The Netherlands is a country of distribution. It is seen as the gateway to the industrial heart of Europe, the German Ruhr. The Rotterdam harbour is the largest in the world, with a cargo throughput of 310 million tons in 1997. Amsterdam Airport Schiphol is the fourth-largest airport in Europe, with 367,525 aircraft movements last year.
The country's transit function, combined with its high population density, results in many infrastructural problems. Motorway congestion is alarmingly high, especially in the Western part of the country, which slows down trucks travelling to the German hinterland. The influentual transport lobby urges the government to build new roads in order to keep the traffic in motion. Both the government and the transport sector, however, have to maintain a delicate balance so as not antagonise the environmental lobby. Motorway density is already the highest in Europe, with 56 kilometres of asphalt per 1,000 square kilometres. Building new roads is therefore politically almost impossible. Solutions have to come from other means of transport, such as the train. Only a small percentage of cargo currently travels by rail.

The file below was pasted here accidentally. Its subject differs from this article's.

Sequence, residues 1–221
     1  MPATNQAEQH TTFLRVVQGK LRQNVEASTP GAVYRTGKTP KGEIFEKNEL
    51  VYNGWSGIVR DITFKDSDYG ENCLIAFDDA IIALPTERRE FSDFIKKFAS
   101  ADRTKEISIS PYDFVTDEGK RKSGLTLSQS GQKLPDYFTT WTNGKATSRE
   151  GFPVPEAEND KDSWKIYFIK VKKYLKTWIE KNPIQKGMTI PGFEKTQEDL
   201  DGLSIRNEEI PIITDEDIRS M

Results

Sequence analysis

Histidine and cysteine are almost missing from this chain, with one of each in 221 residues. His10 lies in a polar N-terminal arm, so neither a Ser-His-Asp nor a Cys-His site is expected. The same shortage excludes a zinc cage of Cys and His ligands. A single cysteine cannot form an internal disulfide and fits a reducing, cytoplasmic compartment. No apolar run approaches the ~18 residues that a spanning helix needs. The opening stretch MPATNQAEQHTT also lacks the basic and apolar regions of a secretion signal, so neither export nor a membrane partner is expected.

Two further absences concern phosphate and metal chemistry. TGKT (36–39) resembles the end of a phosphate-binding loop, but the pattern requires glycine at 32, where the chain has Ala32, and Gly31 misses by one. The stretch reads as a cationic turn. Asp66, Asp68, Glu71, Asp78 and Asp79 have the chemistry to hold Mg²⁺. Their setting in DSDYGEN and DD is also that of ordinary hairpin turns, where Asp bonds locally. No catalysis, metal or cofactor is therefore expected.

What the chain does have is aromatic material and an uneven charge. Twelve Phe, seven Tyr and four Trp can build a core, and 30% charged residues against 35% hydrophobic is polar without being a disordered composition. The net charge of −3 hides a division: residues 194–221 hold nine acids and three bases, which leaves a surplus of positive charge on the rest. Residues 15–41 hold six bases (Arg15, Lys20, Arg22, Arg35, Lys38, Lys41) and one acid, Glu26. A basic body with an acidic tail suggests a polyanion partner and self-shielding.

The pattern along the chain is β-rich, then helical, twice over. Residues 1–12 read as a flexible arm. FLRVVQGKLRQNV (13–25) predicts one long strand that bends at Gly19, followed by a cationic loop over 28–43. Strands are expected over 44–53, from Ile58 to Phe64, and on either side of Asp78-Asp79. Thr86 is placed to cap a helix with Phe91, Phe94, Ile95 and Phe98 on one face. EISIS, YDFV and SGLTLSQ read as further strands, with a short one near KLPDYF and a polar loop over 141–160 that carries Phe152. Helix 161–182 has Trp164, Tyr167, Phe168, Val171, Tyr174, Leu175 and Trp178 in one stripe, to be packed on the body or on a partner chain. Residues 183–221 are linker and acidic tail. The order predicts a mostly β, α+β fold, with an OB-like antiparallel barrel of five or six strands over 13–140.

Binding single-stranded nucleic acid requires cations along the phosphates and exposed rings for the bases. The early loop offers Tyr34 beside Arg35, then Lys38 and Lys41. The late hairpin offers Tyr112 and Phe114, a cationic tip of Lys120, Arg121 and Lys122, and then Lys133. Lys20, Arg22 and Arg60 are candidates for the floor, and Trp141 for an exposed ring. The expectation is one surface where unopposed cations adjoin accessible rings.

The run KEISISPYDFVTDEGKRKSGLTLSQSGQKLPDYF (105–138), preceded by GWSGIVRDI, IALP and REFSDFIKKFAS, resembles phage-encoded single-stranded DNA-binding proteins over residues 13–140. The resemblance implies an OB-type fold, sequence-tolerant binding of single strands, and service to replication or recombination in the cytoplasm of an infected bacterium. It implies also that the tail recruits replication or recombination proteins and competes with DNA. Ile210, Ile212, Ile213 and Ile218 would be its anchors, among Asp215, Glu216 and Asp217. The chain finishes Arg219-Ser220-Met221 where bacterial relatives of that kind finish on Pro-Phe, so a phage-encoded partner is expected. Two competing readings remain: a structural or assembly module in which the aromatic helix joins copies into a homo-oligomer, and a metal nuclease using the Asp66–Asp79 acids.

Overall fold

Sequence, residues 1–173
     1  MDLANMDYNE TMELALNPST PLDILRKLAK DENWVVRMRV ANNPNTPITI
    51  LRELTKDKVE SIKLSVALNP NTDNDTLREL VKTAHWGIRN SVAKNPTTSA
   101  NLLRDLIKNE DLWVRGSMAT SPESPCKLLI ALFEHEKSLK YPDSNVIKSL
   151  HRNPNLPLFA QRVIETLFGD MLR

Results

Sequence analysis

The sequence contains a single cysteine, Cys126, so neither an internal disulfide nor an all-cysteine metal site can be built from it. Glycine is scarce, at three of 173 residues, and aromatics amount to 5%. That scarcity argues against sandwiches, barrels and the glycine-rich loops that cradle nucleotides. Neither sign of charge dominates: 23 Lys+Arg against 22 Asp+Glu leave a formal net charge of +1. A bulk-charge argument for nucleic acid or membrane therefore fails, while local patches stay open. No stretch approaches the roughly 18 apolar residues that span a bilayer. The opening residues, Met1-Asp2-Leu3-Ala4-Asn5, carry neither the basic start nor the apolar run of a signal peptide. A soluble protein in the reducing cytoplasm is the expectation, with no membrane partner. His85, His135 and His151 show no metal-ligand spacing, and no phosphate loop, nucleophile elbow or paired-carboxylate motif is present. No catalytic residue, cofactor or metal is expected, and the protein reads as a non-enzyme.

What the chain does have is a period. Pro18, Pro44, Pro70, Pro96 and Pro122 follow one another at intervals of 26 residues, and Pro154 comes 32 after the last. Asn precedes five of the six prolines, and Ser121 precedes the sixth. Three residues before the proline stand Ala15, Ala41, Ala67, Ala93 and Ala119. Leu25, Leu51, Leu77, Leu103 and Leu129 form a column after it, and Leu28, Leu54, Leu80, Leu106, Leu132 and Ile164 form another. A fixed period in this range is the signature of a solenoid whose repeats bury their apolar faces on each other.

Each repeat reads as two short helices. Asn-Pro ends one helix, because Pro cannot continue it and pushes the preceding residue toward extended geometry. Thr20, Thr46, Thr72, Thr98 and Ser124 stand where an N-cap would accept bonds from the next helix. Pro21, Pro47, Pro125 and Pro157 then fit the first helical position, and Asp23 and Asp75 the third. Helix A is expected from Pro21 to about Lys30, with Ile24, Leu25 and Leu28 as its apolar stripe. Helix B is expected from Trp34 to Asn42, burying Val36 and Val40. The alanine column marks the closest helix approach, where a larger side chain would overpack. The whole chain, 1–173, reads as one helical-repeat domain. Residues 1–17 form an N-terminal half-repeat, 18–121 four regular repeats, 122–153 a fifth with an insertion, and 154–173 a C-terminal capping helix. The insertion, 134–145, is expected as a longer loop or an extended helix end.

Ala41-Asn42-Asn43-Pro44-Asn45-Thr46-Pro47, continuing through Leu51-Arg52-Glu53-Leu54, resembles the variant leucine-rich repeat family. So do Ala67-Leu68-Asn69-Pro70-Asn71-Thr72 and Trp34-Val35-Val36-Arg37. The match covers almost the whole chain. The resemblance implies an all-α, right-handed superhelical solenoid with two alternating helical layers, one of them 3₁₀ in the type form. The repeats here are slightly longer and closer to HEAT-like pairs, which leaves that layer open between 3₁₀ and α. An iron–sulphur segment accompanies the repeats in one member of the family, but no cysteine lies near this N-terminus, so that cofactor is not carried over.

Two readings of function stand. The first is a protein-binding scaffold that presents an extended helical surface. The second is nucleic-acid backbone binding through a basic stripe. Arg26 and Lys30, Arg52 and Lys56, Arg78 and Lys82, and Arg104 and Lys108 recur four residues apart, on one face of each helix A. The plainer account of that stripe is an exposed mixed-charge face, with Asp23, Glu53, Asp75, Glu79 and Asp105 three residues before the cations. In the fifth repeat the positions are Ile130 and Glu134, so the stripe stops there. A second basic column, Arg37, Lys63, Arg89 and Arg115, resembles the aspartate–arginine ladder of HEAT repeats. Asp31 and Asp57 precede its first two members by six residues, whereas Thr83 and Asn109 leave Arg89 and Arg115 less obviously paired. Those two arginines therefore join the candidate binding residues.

In order to keep the port of Rotterdam connected to Germany, a new rail link is being built through the Betuwe, an area of outstanding natural beauty. When the plan was announed, protests were widespread and ferocious. Amsterdam Airport suffers from other difficulties. Because of the growth of suburban Amsterdam, more and more people live in areas where noise pollution limits are regularly exceeded. Paradoxically, many of those who suffer from the noise also make their living from it in a job directly or indirectly dependent on Schiphol's success. But Schiphol's phenomenal growth has now been curtailed by central government.